UNLESS you’ve been living under a rock - or a 10-tonne pallet of toilet roll for that matter - Covid-19 will now be a household term.

With the world avidly awaiting daily updates on the situation surrounding coronavirus, many of us have been struck by inertia, not wanting to move for fear of being sneezed, coughed or spluttered upon by potential germ carriers.

The idea of self-isolation, cutting ourselves off from the world, is beginning to sound as appealing as a five-star beach break in the Maldives.

But the World Tourism Organisation (UNWTO), the United Nations specialized agency responsible for the promotion of responsible, sustainable and universally accessible tourism, has warned against implementing travel bans unless absolutely necessary; often they are ineffective and the potential social and economic impact could be devastating.

Of course, the Foreign And Commonwealth Office (FCO) is your best source of guidance for safe travel (travelaware.campaign.gov.uk), but if you are planning a holiday in the coming weeks - or months, here’s some further advice to consider.

Don’t assume cancellation is the only option.

Rather than cancelling a trip altogether, and risk losing money, travellers are being encouraged to postpone their plans temporarily. Etihad, for example, has temporarily removed all date change fees for flights and holidays booked between March 8 and April 7, 2020.

Tour operator Kuoni has also fast-tracked the launch of their Kuoni Flex initiative, which offers customers the flexibility to reschedule their holiday and opt for alternative travel dates without charge up until seven days before departure. This applies to several long-haul destinations including Mauritius, the Maldives, Thailand, Bali, Sri Lanka, the Caribbean, Mexico and select India group departures and is available for a limited booking period until March 16, on holidays departing from now until the February 15 next year.

Appreciating that this is a fast-moving situation, with new advice being issued daily, Royal Caribbean International has also announced a ‘Cruise With Confidence’ policy, permitting changes in travel plans up to 48 hours before sailing.

Applicable to both new and existing bookings with Celebrity Cruises, Azamara and Silversea, the policy (which applies to all cruises with a sailing date on or before July 31, 2020), allows guests to re-book their holiday with full credit on alternative cruises with the company both this year and in 2021.

It is advisable top monitor FCO advice to ensure your insurance policy is valid.

In terms of no-go zones, keep checking the FCO website for details. Currently, Iran, Hubei province in China and Italy have been ruled out for all but essential travel.

If you booked a holiday before the FCO advice was issued, then travel insurance will cover you for unused and non-refundable travel and accommodation costs in that destination.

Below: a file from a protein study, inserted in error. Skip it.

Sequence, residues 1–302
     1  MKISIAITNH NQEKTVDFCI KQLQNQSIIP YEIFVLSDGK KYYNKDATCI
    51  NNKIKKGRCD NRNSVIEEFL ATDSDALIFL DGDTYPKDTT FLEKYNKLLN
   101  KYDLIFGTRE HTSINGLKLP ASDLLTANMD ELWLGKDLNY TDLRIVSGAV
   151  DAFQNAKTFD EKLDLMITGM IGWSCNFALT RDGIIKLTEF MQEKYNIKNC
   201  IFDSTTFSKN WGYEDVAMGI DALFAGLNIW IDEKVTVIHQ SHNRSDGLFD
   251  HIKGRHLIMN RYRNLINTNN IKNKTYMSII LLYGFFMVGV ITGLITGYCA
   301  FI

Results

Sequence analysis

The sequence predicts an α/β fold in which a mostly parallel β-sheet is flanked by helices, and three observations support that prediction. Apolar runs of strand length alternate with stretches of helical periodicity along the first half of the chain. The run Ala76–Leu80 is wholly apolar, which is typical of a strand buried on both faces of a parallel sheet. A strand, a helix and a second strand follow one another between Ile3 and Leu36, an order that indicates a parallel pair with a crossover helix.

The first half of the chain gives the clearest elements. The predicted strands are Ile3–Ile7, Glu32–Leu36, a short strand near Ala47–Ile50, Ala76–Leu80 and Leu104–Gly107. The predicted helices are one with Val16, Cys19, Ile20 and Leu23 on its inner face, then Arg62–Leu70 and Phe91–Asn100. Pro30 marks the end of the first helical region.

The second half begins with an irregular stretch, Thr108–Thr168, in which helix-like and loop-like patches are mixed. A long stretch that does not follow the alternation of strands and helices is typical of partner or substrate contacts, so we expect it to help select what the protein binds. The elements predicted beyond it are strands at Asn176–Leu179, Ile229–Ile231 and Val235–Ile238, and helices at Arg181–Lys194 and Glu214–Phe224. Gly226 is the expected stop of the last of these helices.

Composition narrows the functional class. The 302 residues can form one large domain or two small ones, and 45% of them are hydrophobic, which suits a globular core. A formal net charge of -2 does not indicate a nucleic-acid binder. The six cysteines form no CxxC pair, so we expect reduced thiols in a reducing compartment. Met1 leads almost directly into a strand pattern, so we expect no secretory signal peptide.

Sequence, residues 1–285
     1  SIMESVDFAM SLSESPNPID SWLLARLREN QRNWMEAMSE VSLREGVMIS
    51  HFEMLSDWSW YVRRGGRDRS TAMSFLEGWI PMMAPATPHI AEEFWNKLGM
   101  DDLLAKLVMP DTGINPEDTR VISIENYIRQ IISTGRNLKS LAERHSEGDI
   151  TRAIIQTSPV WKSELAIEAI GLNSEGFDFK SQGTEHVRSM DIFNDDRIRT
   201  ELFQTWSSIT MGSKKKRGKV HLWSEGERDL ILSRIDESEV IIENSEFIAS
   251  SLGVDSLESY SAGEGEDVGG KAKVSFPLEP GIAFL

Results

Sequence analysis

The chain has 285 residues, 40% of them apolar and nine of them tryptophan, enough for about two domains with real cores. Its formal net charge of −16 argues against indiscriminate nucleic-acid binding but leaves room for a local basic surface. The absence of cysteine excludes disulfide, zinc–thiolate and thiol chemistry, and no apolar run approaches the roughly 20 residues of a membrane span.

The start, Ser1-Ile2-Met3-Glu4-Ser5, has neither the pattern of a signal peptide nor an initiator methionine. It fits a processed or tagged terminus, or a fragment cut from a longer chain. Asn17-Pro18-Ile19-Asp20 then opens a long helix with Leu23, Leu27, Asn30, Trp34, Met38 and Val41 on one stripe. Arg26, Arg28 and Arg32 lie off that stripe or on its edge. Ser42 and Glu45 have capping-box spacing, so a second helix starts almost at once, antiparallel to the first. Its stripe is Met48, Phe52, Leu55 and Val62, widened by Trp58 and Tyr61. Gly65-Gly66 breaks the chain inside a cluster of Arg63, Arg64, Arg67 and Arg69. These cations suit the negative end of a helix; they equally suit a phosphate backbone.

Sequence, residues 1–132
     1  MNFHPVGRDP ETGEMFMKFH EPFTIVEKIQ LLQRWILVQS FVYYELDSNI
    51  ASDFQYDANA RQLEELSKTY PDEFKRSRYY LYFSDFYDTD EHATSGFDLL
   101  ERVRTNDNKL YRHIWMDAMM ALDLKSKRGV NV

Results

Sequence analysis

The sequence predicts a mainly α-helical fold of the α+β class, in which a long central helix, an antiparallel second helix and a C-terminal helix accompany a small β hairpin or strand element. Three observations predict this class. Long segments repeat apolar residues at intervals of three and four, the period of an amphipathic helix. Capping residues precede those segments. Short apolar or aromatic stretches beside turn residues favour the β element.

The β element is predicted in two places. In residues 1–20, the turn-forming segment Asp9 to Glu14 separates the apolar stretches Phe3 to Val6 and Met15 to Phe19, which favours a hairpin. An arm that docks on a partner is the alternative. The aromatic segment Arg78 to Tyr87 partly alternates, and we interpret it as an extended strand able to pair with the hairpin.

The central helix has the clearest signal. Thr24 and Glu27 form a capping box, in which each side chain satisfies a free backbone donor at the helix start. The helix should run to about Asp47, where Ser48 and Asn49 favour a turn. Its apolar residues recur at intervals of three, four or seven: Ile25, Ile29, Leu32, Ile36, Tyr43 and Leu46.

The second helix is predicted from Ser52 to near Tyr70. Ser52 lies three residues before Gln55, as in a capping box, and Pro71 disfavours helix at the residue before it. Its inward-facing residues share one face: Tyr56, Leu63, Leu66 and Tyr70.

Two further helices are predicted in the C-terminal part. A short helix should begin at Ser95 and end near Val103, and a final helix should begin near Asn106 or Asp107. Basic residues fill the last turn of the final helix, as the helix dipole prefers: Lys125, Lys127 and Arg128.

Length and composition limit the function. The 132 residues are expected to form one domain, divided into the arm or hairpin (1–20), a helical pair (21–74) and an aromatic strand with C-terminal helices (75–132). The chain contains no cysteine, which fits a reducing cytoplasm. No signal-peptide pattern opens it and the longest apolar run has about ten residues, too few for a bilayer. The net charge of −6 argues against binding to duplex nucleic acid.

But, in the first instance you should always approach the airline, your tour operator or your travel company for a possible refund, or to see if they are able to amend your travel itinerary before you go, advises Chris Rolland, chief executive officer of specialist medical travel insurance provider AllClear Travel (allcleartravel.co.uk).

You will also be covered for emergency medical expenses if you contract coronavirus in a country where there was no FCO advice in existence at the time of departure.

It may take time but it is very wise to thoroughly check the small print on your insurance documents before you travel to make sure you are covered for all eventualities.

“Travel insurance policies will cover emergency medical expenses and repatriation costs if treatment is needed as a result of the coronavirus,” says Rebecca Kingsley, brand manager of consumer awareness initiative, Travel Insurance Explained (travelinsuranceexplained.co.uk).

“Policies may also be extended should you find you are unable to return on your scheduled date of travel due to quarantine restrictions.”

But she advises checking to find out exactly what is covered. This is crucial.:some policies, for example, will cover additional accommodation and food costs incurred if you are quarantined while away. Others may not.

She also warns that delays are often only covered on outbound (and not return) journeys, so check this too.

Right now, a holiday at home in the UK might seem like the safer option, but don’t neglect insurance cover. Many people may not realise that even staycations require insurance cover.

“Although we have free medical care in the UK, travel insurance will cover you if you need to cancel your holiday or return home early and cannot claim back the cost from elsewhere,” says Kingsley.

“In addition, some travel insurance policies will offer to cover the cost of pre-paid, non-refundable excursions and car hire, if you are unable to make your trip.”

It’s worth noting, however, that some policies will only cover UK holidays if they are more than a minimum number of nights in duration.

If you are worried, confused or simply want to double-check your terms and conditions, contact your insurance provider who will be able to answer any questions before you leave for your trip.